The powers that be must think we – the general public; the 99 percent; your average, ordinary, every day American; however you’d like to label us – are complete morons. That, or they’re thinking we’re far too busy with our day-to-day lives to notice their feeble attempts to convince the typical automobile owner that 32 miles to the gallon (highway, of course) is some kind of scientific breakthrough of miraculous proportions.
The only problem is ... it seems to be working.
In all seriousness, though – particularly when you consider gasoline is expected to hit $4 any day now – where is the uproar? People are upset, sure, but I don’t see angry mobs taking to the street or organizing gas station boycotts.
Personally, I find it hard to believe that, in this day and age, we can’t come up with a better solution. Then again, the big oil companies continue to post record profits, so why shouldn’t they keep bumping up the price? They look to make a fortune. And why is that?
Because our addiction to gasoline is out of control ... and they know it. And don’t go blaming the president, as some of you do (religiously, I might add). In fact, I find it amusing that many of those who consider our commander in chief a socialist demand he (or the government) regulate gasoline prices.
Oh, the insanity.
Regardless, shouldn’t it be possible to manufacture a vehicle (we could even do it right here in the good old United States) that – once rolling along – generated its own power, charging its own battery at the same time? Granted, my expertise in this area is founded on the scientific principles I learned in the 5th grade (thanks, Mr. Davis), but there’s simply got to be a better way.
What was it Newton said ... every object in a state of uniform motion tends to remain in that state of motion unless an external force is applied to it.
Scientifically, of course, this really doesn’t relate to my re-charge-as-you-go vehicular design. Metaphorically, however, it’s spot on.
Scientist (or mild-mannered reporter) comes up with great idea for sustainable transportation. Big oil – or some other greedy entity – comes along and gobbles up the patent for said idea. Said idea is either buried deep or mired in controversy created by said entity to keep it from consumers.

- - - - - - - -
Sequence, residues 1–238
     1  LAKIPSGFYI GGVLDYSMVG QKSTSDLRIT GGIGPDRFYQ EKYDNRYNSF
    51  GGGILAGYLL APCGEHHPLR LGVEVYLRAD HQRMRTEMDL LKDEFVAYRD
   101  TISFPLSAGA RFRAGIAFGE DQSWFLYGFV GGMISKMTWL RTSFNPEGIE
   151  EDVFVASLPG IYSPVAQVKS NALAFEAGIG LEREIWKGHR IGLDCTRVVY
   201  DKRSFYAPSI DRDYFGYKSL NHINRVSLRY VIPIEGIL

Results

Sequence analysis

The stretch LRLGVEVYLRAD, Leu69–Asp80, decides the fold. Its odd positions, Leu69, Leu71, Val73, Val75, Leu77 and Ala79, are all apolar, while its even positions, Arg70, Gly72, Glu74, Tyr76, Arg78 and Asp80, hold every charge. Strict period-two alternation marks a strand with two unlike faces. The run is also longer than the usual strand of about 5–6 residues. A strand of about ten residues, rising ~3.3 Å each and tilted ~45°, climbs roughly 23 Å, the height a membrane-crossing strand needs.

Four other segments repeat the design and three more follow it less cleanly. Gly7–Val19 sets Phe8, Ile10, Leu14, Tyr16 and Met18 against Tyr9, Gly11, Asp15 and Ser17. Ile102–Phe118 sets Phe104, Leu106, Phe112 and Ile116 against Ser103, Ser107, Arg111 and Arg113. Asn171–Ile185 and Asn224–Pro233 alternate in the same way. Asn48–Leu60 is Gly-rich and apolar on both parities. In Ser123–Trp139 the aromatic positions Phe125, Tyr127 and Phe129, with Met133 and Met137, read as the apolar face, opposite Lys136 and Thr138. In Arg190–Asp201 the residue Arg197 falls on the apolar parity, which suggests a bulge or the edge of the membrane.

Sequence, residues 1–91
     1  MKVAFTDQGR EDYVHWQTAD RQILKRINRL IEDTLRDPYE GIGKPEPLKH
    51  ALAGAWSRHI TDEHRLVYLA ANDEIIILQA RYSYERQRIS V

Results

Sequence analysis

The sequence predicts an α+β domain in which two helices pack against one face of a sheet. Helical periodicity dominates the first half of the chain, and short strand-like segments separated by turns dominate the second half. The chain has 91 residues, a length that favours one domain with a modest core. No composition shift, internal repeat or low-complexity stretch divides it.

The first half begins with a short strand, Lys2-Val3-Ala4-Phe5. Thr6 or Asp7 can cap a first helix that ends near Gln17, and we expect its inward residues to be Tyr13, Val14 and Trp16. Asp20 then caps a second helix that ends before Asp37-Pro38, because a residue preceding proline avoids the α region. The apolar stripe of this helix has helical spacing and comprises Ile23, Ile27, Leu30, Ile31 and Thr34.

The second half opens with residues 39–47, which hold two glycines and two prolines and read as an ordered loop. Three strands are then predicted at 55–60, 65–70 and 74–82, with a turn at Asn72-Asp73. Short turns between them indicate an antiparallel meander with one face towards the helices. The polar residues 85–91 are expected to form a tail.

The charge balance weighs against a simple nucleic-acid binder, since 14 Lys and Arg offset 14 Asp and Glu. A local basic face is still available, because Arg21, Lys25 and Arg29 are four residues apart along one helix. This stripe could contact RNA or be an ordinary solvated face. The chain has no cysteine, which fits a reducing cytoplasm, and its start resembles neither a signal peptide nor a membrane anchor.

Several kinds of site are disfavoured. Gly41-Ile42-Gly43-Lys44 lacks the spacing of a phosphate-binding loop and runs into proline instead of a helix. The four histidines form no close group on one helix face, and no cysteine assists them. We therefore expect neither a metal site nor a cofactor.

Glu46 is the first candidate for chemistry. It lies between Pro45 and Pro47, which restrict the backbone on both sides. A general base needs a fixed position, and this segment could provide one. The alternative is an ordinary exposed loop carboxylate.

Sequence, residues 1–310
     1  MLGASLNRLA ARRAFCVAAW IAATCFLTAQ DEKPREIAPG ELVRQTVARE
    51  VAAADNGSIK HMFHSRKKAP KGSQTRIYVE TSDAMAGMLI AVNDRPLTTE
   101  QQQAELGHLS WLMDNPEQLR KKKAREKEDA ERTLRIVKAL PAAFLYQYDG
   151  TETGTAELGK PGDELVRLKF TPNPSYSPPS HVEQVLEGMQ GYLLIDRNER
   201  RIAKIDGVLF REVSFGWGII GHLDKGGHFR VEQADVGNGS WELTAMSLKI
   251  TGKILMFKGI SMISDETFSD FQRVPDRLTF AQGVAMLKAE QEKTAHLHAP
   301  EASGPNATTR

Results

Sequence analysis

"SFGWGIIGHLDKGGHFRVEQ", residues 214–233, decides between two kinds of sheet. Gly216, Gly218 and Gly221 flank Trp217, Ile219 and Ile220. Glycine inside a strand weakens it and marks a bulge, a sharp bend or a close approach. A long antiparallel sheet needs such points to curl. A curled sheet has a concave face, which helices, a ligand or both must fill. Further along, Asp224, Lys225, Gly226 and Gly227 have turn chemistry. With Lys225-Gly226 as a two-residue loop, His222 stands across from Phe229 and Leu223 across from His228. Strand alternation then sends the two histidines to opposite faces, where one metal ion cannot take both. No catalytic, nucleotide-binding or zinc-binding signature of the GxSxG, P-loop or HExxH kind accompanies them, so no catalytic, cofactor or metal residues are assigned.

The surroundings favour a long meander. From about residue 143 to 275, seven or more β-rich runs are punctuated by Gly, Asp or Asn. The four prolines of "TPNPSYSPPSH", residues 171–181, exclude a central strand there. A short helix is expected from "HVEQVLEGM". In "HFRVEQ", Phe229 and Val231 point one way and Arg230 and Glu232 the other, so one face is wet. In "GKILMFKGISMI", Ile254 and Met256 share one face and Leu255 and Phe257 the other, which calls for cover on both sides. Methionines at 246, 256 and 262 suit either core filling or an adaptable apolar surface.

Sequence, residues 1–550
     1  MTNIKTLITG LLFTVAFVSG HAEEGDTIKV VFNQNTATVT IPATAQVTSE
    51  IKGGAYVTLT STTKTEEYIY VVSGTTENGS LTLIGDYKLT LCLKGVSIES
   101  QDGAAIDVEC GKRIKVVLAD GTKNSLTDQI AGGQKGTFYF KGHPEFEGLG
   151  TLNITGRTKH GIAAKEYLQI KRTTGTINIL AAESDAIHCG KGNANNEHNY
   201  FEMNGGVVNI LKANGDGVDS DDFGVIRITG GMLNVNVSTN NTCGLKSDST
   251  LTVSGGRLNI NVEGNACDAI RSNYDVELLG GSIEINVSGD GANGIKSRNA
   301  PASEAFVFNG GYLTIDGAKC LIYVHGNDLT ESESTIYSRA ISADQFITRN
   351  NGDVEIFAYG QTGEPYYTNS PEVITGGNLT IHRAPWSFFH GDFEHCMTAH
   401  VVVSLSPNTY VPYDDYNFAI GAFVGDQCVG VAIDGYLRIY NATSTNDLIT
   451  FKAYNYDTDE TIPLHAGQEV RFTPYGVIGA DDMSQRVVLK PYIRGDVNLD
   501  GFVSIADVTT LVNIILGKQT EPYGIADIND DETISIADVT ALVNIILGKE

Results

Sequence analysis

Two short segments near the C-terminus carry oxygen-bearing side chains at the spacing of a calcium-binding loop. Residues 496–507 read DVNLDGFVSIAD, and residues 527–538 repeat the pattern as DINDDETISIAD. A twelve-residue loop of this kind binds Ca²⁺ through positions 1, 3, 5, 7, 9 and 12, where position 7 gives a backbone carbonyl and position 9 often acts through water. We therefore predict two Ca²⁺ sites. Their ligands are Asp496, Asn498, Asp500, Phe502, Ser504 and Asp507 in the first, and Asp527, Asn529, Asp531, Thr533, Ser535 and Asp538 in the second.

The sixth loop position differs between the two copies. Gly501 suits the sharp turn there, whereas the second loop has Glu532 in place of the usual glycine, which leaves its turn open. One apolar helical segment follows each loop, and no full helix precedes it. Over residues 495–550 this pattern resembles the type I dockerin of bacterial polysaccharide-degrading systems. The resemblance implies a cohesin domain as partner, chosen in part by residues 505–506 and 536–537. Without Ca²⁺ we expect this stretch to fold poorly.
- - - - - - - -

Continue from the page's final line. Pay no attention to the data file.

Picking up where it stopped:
As applied to Newton’s theory, idea equals object in state of uniform motion ... moving forward ... until external force (see greedy entity) is applied to it.
Makes sense to me.
My father – may he rest in peace – was what you could call a “gas hound” up until the day he died. He ran red lights to avoid the two to three minute wait coming to a full stop would entail; he managed to secure every last drop of precious gasoline from the pump, holding the gas line above his head in an effort to make sure he had it all (hey, that extra .0000001 miles really adds up over a lifetime) and God forbid you ever take the scenic route ... that was heresy.
I wonder how much gasoline my father wasted over the years not asking for directions? Regardless, I can’t even imagine what dad would think of today’s gas prices. He’d probably have a stroke.
The mega-rich, of course, don’t seem too worried about the price of gas. I wonder why? Is it, perhaps, simply because they can afford it? Of course they can. Although it must be said that the cost for jet fuel (cheaper than regular gasoline, by the way) is, in fact, on the rise.
I can just hear it now ...
“Honey, let’s hop on the private jet and head over to the Poble Espanyol in Barcelona for the weekend,” says the billionaire CEO of insert-your-favorite-mega-corporation-here.
“But, honey, the price of jet fuel is up 1.34 percent this week, can we really afford that?”
“Of course we can, my dear, I’ll simply lay-off a couple hundred workers, outsource their jobs and ... presto! ... we’re off for some much-needed rest and relaxation.”
Granted, I’m being more-than-a-little facetious here, but you know as well as I do that this kind of thing has happened before, is happening now and – sadly – will happen again.
And in the event their private jet runs out of fuel?
Well, that’s what golden parachutes are for, right?
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